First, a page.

Researchers led by Sara C. Mednick, an assistant professor of psychiatry at the University of California, San Diego, gave 77 volunteers tests under three before- and-after conditions: spending a day without a nap, napping without REM sleep, and napping with REM sleep. Just spending the day away from the problem improved performance; people whostayed awake did a little better on the 5 p.m. session than they had done on the 9 a.m. test. Taking a nap without REM sleep also led to slightly better results. But a nap that included REM sleep resulted in nearly a 40 percent improvement over the pre-nap performance.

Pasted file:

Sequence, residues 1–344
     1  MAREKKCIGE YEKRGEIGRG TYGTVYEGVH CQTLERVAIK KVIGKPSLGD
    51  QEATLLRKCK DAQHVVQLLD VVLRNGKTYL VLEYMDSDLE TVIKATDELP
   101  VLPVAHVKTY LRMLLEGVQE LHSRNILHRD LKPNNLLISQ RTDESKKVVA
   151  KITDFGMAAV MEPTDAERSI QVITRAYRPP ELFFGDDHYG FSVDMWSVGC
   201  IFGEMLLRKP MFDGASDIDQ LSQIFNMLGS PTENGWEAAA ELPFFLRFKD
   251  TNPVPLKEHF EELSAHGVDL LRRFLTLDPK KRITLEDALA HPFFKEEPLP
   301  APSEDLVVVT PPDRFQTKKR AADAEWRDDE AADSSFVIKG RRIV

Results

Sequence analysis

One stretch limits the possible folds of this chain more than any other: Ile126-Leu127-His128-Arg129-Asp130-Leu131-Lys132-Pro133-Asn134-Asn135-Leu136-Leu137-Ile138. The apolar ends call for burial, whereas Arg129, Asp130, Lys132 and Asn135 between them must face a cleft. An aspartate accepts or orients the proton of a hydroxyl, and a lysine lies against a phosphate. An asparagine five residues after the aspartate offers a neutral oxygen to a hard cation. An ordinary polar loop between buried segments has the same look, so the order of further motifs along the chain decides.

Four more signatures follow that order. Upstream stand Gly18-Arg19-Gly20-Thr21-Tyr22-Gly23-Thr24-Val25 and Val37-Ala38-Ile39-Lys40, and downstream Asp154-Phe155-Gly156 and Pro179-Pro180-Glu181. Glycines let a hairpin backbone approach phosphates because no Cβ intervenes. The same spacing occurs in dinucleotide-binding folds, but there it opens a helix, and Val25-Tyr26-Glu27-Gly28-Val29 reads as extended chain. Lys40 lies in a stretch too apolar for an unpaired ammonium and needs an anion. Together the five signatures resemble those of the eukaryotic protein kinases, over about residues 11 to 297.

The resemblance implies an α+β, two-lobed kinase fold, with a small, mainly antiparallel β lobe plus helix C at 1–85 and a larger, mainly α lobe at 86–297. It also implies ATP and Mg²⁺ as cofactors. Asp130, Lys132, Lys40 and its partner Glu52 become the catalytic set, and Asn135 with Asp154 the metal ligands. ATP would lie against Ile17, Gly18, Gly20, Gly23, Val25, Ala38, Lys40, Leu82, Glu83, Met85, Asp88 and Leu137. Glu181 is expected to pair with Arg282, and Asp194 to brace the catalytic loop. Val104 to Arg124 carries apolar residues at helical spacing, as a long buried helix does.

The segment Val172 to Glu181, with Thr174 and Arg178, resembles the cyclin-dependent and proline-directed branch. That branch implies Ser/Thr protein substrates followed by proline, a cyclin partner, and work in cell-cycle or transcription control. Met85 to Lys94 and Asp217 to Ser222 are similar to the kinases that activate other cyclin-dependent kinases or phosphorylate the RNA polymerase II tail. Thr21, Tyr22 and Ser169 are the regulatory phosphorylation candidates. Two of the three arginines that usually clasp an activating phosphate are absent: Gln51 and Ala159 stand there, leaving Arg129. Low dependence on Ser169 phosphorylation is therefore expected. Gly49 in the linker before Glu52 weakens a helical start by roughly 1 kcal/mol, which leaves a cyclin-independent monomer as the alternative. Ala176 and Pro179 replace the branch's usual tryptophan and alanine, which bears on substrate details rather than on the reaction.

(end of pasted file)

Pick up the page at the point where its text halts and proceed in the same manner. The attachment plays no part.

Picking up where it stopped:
Source: The study is published June 8 in the Proceedings of the National Academy of Sciences.
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